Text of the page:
Can’t face the summer crowds in Venice? Why not head to the Queen’s Gallery in London where Canaletto and the Art of Venice has just opened? This beautifully presented exhibition includes not just HM The Queen’s works by Canaletto but many works of art by his contemporaries, such as Sebastiano and Marco Ricci, Rosalba Carriera, Zuccarelli and Battista.
The common factor apart from Venice itself is Joseph Smith who, as British Consul in Venice, put together an extraordinary collection not just of paintings but also books and prints, which was sold to King George III in 1765. As a result the Royal Collection has one of the world’s most outstanding works from this golden age of Venetian art.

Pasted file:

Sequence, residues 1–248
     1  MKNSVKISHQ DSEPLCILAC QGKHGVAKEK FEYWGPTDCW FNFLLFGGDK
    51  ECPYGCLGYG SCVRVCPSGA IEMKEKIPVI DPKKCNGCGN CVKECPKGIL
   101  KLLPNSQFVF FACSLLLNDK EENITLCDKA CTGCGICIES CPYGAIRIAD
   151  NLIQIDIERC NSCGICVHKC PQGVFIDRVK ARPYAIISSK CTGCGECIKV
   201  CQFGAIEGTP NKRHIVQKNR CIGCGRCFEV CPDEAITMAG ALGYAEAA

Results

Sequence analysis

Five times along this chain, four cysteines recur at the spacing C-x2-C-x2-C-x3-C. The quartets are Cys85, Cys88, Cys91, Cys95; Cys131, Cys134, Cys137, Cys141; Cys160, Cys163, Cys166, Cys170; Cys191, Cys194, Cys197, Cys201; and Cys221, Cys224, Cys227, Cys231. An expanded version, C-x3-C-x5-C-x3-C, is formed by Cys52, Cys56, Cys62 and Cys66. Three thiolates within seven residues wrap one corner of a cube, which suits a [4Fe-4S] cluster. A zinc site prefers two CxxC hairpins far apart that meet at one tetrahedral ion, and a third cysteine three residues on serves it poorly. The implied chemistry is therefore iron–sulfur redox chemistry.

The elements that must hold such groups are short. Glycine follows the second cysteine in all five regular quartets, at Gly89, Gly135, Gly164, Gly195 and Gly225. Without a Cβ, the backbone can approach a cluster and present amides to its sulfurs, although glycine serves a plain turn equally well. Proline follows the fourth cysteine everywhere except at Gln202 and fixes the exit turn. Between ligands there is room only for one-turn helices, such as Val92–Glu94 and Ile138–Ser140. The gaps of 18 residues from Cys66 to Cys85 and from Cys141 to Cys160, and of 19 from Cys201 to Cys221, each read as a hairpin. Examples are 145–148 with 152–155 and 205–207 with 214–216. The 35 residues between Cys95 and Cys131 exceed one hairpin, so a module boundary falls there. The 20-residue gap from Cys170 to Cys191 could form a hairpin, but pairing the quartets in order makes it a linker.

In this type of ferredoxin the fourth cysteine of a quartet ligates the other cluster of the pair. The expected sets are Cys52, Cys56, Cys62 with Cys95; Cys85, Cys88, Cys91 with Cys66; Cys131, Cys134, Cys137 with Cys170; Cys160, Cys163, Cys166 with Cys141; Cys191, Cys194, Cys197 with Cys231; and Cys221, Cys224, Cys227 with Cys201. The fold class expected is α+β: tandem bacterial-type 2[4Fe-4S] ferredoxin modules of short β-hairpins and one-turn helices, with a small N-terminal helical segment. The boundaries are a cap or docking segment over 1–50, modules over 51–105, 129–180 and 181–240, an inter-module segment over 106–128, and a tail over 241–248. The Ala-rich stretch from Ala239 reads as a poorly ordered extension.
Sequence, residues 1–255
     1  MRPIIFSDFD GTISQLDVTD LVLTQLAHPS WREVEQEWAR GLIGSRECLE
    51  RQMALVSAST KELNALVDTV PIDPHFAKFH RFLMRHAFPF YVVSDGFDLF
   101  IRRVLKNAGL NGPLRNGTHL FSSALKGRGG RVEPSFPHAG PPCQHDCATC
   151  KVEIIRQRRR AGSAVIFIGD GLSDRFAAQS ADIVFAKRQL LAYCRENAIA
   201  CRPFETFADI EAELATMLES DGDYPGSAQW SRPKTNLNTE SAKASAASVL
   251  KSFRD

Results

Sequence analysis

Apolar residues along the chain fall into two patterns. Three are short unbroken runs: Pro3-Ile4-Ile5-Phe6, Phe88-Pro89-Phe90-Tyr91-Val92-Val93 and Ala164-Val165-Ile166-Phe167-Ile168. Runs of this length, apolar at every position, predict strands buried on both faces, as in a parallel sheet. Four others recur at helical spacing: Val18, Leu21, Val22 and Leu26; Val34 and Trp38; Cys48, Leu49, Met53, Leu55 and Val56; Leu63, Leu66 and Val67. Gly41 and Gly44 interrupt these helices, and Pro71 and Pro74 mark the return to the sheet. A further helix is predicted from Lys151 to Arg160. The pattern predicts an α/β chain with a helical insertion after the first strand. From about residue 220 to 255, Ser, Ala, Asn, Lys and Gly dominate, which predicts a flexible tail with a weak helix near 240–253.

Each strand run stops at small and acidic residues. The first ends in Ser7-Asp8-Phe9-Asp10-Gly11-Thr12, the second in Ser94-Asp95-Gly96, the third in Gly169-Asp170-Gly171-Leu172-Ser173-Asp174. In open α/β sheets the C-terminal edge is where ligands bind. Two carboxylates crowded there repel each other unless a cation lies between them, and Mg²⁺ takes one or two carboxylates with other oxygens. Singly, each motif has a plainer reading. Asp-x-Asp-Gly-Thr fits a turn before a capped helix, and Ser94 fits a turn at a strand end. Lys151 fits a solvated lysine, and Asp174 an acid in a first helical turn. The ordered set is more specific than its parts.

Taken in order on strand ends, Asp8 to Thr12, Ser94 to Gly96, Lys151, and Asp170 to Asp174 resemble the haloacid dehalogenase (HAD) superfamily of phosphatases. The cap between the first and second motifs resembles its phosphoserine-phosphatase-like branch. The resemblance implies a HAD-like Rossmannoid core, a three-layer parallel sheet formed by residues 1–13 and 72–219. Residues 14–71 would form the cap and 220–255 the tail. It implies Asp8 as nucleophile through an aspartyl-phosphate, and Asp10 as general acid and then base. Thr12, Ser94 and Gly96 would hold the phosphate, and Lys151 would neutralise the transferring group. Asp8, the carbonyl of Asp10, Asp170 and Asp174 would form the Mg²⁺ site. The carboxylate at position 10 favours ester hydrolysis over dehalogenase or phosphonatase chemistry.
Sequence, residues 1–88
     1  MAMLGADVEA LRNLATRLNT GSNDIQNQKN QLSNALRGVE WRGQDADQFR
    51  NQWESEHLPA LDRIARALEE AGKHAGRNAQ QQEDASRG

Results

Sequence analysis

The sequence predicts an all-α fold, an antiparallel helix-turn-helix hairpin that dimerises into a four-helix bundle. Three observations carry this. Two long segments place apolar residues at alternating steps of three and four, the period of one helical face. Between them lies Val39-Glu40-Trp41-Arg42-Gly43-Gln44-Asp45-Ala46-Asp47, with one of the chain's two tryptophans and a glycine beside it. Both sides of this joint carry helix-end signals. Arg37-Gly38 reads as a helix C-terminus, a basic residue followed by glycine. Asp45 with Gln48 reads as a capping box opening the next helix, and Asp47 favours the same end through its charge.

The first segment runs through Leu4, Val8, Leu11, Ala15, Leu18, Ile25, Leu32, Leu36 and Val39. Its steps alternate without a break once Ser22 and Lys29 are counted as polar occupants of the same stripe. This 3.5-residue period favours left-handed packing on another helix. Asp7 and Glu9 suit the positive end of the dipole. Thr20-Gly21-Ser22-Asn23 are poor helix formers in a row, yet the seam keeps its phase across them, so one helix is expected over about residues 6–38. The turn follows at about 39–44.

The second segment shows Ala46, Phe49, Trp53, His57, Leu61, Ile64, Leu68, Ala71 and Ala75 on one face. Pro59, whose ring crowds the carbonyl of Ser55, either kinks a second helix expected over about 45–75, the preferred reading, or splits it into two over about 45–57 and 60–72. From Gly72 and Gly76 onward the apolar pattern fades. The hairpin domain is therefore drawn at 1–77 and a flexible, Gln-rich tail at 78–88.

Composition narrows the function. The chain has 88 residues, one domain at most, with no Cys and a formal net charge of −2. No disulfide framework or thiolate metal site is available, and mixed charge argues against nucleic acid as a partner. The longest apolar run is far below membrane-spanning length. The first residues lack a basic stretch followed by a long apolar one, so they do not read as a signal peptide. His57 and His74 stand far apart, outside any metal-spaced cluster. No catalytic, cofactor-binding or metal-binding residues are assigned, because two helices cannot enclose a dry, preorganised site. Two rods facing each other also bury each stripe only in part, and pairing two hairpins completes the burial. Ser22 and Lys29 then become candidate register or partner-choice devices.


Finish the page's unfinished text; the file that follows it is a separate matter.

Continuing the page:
So it was with a particular interest in Joseph Smith that I visited the exhibition, as it displays Canaletto’s work in the context of other artists in Venice at the time, many of whom were supported by Joseph Smith. In my book Finding Veronese – Memoir of a painting, I followed one of these works, a copy of a Veronese altarpiece probably by Sebastiano Ricci, and its journey across Europe from Venice to London, to Scotland and finally to Sweden.
I have spent many hours looking through auction catalogues, books and documents in search of evidence for my painting’s origin. Was it once part of the Joseph Smith collection? At the Queen’s Gallery I found one or two further leads. So the search continues.
In the meantime, my book is still available as an E-book on Amazon.